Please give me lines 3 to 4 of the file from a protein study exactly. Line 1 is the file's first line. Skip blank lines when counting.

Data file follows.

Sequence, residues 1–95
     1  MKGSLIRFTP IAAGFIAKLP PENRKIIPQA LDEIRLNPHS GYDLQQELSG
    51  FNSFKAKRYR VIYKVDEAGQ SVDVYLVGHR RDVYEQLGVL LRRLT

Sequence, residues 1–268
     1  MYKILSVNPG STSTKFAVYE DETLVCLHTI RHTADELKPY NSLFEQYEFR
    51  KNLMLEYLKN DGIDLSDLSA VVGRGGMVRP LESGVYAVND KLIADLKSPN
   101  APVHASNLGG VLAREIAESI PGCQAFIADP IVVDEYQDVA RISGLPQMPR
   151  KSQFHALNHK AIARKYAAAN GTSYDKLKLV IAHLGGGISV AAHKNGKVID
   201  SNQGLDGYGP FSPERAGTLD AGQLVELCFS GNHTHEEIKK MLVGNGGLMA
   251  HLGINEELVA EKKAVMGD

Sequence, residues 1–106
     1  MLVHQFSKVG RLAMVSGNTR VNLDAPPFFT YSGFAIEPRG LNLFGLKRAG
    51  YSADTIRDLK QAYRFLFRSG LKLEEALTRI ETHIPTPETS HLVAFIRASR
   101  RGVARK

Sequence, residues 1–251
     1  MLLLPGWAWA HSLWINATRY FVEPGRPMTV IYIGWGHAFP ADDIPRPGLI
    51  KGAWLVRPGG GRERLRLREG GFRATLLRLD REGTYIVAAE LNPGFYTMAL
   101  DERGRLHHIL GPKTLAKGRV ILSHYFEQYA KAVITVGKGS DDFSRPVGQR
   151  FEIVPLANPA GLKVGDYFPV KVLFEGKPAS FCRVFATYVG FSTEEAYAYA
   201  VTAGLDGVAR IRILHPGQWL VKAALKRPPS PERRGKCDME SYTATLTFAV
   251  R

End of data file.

    51  FNSFKAKRYR VIYKVDEAGQ SVDVYLVGHR RDVYEQLGVL LRRLT

Sequence, residues 1–268